Basketball

Great Expectations

Texas basketball. (Will Gallagher/IT)
Texas basketball. (Will Gallagher/IT)

It’s been more than a decade since expectations have been this high for Texas Men’s basketball, ranked No. 10 in the preseason coaches’ poll — and for good reason. Make that five good reasons.

The Horns return all five starters from last season’s surprising squad that reached the 3rd Round of the NCAA Tournament. The roster includes leading scorer Jonathan Holmes (12.8 ppg) who earned 2nd-Team, All-Big 12 honors last season. All told, Texas returns 94 percent of its scoring, 94 percent of its rebounding and 97 percent of its assists.

“It would disappoint me if our guys were thinking in those terms (heightened expectations) right now,” said Texas coach Rick Barnes. “We’ve got a lot of work to do. So much can change at any point in time.”

Indeed. In fact, what a difference a year makes. Many assumed Barnes was on his last leg this time last year after he dismissed the four top scorers from his only Longhorn squad that failed to reach the Big Dance. His 2013-14 team raised eyebrows with an early win at North Carolina before bearing four consecutive nationally-ranked opponents for the first time in school history.

If the great expectations are met, it will largely stem from the production Texas gets from its bench, Barnes believes. He acknowledges that he now has more depth than at any time in his Austin tenure. This will also be the biggest lineup Barnes has assembled with four players 6-foot-8 or taller.

Then there’s that little matter of freshman F Myles Turner (‘little’ as in 6-foot-11, 240 pounds). ESPN listed Turner as the nation’s No. 2 overall prospect after averaging 18.1 points, 12.2 rebounds and 6.8 blocked shots at Euless Trinity in 13-14. He is also the preseason Co-Big 12 Freshman of the Year. Turner’s biggest adjustment, understandability, is acclimating to the speed of the collegiate game and the physicality of practice.

“I’m operating at the post more than I did in high school because, in high school, I played more on the perimeter than I should have,” Turner said. “Now, coach Barnes has made it a focal point down here in the paint.”

Turner isn’t the only Longhorn who believes the preseason pundits may actually be underestimating the current squad. After all, Kansas is once again favored to claim the league title.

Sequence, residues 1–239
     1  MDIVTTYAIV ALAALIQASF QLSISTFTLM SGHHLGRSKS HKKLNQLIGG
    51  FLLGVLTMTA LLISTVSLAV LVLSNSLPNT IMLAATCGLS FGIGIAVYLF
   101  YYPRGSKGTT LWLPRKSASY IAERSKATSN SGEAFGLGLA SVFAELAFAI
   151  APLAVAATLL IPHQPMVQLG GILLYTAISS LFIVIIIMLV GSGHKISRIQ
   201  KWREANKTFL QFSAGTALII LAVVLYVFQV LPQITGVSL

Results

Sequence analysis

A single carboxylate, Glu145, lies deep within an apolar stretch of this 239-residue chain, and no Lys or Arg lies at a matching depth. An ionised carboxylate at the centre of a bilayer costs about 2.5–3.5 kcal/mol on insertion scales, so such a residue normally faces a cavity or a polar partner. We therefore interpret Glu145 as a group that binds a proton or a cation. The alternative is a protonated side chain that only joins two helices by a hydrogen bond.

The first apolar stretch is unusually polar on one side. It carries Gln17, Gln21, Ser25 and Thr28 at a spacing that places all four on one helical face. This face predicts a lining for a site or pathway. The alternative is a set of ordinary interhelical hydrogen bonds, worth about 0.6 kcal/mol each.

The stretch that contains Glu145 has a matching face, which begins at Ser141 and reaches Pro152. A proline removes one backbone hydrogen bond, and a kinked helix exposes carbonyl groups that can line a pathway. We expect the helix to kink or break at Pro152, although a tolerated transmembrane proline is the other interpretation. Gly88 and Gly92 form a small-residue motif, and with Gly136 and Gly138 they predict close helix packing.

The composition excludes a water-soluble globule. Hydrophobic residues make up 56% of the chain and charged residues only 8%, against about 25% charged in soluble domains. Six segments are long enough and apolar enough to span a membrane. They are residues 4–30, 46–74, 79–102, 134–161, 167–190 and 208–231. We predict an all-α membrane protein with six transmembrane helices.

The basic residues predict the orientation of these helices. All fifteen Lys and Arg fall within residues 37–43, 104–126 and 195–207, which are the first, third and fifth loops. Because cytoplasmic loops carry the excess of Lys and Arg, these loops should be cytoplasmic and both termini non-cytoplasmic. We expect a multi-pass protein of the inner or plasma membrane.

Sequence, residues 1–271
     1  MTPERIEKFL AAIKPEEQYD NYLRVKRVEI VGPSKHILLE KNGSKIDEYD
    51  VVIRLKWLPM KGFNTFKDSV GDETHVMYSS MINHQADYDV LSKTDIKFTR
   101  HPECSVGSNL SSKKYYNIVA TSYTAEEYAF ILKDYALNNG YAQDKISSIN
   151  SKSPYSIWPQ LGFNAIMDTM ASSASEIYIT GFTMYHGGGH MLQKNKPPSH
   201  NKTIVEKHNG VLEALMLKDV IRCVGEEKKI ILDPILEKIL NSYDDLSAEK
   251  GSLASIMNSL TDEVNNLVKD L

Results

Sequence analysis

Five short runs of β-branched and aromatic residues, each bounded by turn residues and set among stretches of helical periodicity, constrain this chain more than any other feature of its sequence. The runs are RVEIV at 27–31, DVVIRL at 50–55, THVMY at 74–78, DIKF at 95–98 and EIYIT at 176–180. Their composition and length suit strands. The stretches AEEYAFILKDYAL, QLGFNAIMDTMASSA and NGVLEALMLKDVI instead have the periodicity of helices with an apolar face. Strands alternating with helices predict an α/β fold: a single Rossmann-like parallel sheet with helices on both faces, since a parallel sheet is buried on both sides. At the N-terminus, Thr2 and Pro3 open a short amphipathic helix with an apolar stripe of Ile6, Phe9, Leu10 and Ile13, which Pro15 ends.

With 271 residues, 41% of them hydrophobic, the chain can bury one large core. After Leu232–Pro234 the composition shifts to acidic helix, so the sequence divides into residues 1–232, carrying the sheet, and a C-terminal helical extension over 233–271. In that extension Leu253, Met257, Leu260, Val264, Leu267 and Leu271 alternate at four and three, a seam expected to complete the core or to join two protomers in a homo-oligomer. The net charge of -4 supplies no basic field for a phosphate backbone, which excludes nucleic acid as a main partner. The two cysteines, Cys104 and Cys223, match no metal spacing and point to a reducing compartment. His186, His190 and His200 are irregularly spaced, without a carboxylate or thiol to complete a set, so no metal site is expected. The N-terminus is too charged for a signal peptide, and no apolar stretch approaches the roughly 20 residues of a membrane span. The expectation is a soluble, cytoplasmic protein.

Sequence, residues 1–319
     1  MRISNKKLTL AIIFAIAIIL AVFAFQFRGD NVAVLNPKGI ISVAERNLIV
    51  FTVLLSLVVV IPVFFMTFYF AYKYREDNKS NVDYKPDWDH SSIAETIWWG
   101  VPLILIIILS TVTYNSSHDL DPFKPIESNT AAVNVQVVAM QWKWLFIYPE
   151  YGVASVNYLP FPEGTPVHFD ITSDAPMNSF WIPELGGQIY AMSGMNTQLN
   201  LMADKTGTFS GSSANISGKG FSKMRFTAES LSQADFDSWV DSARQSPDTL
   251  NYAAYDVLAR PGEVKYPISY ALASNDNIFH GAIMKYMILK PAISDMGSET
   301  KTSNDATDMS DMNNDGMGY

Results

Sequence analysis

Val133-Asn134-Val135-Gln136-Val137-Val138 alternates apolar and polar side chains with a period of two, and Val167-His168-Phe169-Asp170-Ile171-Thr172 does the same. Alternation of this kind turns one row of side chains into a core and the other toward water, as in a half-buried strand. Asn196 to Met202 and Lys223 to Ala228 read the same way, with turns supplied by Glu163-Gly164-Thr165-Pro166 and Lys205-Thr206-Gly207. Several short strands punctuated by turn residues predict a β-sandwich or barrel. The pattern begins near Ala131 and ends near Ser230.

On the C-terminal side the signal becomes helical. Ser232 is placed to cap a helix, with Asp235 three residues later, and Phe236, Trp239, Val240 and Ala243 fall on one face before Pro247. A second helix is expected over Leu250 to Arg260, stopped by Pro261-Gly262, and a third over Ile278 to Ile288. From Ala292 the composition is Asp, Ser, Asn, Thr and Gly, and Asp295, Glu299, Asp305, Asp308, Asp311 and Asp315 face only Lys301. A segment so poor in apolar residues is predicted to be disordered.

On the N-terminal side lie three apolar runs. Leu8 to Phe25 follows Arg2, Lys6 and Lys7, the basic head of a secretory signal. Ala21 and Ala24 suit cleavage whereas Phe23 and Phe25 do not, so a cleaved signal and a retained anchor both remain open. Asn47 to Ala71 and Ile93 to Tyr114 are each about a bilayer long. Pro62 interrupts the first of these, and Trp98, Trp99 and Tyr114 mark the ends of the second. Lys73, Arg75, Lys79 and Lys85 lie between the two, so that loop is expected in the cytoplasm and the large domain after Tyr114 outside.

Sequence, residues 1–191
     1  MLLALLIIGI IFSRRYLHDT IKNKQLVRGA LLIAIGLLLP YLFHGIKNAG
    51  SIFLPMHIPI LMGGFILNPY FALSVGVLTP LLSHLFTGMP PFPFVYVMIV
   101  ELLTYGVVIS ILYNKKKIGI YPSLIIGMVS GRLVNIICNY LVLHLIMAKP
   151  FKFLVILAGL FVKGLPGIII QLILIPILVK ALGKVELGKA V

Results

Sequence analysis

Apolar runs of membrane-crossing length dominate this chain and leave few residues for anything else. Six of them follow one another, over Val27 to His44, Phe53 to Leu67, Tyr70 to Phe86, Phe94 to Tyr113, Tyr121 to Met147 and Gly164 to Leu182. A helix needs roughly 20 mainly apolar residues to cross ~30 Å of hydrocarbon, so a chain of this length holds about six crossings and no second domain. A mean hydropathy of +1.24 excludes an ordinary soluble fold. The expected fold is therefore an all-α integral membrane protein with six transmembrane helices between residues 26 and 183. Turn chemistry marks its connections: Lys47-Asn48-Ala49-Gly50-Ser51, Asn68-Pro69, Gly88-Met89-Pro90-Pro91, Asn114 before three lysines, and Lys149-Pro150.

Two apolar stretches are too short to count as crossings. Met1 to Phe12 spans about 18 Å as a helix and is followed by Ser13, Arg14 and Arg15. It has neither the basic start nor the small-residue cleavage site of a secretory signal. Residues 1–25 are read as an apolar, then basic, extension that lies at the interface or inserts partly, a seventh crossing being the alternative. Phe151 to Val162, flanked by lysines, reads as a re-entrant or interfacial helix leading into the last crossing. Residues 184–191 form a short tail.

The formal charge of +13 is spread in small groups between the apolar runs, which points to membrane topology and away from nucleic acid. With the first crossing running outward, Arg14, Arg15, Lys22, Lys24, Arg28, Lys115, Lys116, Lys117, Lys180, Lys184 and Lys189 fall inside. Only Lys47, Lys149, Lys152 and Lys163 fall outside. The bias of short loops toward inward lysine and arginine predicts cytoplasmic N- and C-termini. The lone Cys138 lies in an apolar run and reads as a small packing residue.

“People are expecting us to do a lot of things,” Turner said, “but we’re expecting to do even bigger things. We want to win a Big 12 championship. We want to win a NCAA championship. We’re expecting both.”

Sophomore Isaiah Taylor seconded the motion. The lightly-recruited point guard earned a spot in the starting lineup as a true freshman but still carries a chip on his shoulder.

“We still have doubters,” Taylor said. “People are still underestimating Texas basketball. That’s something that’s going to fuel me and my team.”

Even though the 2013-14 campaign was viewed as a bounce back season, Taylor insists the only reason why expectations were exceeded was because expectations were so low.

“Last year, we really didn’t accomplish anything,” Taylor added. “We didn’t win the Big 12. We lost in the Round of 32 in the NCAA Tournament. All we did was establish a new culture for this team as a blue-collar culture.”

Turner enters the Texas culture after growing up with Kevin Durant posters in his bedroom. But Turner faces a much different dynamic than when Durant was one of four freshmen pressed into action. Turner, along with fellow freshman Jordan Barnett, must battle those five returning starters and 10 upperclassmen for playing time.

The depth is so impressive that, for one of the few times during Barnes’ tenure, the head coach still isn’t sure what the starting lineup will be. As always, Barnes will tinker with the rotation during a formidable nonconference slate that will immediately test Texas’ lofty ranking.

The schedule includes trips to No. 1 Kentucky and to defending national champ (No. 15) Connecticut. Texas is also scheduled to face No. 25 Iowa, and potentially No. 24 Syracuse, as part of the 2K Classic benefitting the Wounded Warriors Project. Texas opens the season at home on November 14 against North Dakota State as part of the 2K Classic.

The Big 12 emerged last season as college hoops toughest conference, and there is no sign of fall-off. Texas has home-and-away dates against No. 5 Kansas, No. 14 Iowa State, and No. 19 Oklahoma.

“If just you talk about it, you lose sight of it,” Barnes said of preseason expectations. “If you’re not getting better, you’re going to get knocked off, plain and simple. It’s fun when people talk about you, and it’s great for everybody. But I also know that it’s not fun when people aren’t talking well about you. The fact is (people still ask), ‘What have you done today?’ We could have a big win tomorrow but, if we turn around three days later and lose, then everything is gone tomorrow.”

For now, tomorrow looks bright for Burnt Orange hoops.